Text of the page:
Hello! I'm back! I had a fantastic break. I feel rested and ready to go...except that I'm still figuring out exactly where I want to go and what I want I work on in 2016. If you follow me on Instagram you know that my daily habit is to go back to working in my sketchbook this year. I'm also launching a new weekly series. Those are the two things I know for sure, so let's start there.
This year every Monday morning, I'll share a mixed media portrait and a story about the subject. Here's the piece that inspired this new series.
Meet Eva "Granny" Barnes Henderson who lived along the Buffalo River near Ponca, Arkansas. I didn't know Granny but her story impacted me.
In 1976, after the National Park Service designated the Buffalo National River and its surrounding 95,000 acres a protected area, Land Acquisition officers went to see Eva Barnes Henderson, known to everyone as “Granny.” Granny Henderson lived in a four room cabin in the Buffalo Valley, on 160 acres of land that park officials needed for their project. She’d lived there since 1912. She and her husband farmed, raised cows and chickens and had gotten a “water witch” to locate the spot where they dug their well.
Since her husband’s death 23 years earlier, Granny lived alone with her dogs and her guns, without running water or electricity. She was well-known to those who floated the Buffalo River, and National Geographic once wrote that she exemplified “the finest attributes of an Ozark woman.”
Granny told the Park Service that she wouldn’t sell her place “for anything.” According to her family, she was told that if she didn’t, her home would be condemned and her land taken. After several years of pressure, she agreed, and her family built her a new home. It was wintertime, and she asked for a time extension for her move, until the weather warmed up. The Park Service agreed, but made her pay rent on the land she’d lived on for 65 years. Worst of all, Granny had to give up her beloved livestock, which she’d carried water to from her well every day for over half a century.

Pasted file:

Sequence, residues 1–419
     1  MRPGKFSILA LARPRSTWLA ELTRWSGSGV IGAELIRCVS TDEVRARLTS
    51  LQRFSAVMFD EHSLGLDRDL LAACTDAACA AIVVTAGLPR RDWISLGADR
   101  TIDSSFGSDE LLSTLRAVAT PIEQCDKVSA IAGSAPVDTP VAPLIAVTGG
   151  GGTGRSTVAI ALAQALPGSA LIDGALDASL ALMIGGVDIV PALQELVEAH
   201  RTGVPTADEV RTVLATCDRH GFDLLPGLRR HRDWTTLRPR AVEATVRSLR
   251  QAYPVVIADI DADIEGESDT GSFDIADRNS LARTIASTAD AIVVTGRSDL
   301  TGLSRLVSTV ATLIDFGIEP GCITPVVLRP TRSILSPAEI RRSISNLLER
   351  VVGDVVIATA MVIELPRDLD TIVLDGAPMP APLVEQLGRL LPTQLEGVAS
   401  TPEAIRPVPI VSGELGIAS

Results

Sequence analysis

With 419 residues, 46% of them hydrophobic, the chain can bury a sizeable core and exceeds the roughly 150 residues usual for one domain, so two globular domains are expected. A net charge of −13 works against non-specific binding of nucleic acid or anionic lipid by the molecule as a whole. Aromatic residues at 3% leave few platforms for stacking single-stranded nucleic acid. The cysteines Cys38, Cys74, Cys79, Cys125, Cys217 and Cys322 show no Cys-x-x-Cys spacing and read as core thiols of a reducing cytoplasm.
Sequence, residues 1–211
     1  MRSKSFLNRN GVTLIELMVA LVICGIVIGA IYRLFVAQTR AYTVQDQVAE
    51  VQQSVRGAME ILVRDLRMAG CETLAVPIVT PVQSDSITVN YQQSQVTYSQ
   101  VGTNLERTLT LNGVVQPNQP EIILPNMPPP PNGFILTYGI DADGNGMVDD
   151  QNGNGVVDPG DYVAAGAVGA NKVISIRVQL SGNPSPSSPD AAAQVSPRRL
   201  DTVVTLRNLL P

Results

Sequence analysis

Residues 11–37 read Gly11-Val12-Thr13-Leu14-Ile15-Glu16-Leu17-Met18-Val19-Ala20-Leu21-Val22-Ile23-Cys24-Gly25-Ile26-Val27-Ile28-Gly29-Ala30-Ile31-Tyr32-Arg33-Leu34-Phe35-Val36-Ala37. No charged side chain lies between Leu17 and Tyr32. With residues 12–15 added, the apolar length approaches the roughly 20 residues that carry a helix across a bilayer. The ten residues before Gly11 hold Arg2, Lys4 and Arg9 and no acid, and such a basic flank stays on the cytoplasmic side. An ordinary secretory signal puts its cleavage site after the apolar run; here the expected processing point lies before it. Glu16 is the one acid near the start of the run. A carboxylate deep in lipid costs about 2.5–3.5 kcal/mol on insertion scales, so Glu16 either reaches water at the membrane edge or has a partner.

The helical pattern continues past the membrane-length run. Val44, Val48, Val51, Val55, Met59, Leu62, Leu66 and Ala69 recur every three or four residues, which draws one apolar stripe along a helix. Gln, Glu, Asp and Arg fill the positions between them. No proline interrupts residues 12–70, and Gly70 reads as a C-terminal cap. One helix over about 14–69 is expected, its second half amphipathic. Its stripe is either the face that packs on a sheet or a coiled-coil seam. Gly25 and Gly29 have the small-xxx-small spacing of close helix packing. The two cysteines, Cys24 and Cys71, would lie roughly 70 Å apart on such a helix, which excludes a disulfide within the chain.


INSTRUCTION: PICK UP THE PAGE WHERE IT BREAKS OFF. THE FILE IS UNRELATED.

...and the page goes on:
The day of the move, Granny begged to stay in her cabin until the last load of her possessions had been hauled away. She sat on a stool and cried the entire day. Her health soon deteriorated and she moved in with family members, who took care of her. She died in 1979, three years after the National Park Service first knocked on her cabin door. She had spent only two days in her new house.
Granny Henderson was one of the last of the Buffalo River Valley landowners, and the most well known. Her cabin is still standing, and is a popular stop for those hiking Center Point Trail north of Ponca.
story via Hiking in the Ozarks
I'd love for YOU to be a part of this Monday Mournings series. I bet you have a photo of someone with an awesome story. Maybe you knew this person and something about their life will impact others. Maybe you didn't know them personally but still feel the impact of their story. I'd love for you to submit a story and photo(s) for my new series Monday Mournings.
If I use your photo/story, I will send you the mixed media portrait at the end of this project. FREE! It will be my gift to you for sharing this person with us. Fair warning: I may NOT use all of the photos/stories that are submitted. Good, clear photos make the best references. Also I'm looking for stories of strength, character, compassion, creativity, and kindness. Not all stories will be a good fit for this project.
Submit your (digital) photo(s) and story by emailing me at firstname.lastname@example.org. I can't wait to hear from you! I need YOUR help to make this series a success. Depending on others scares me so I know that this is exactly what I need to do!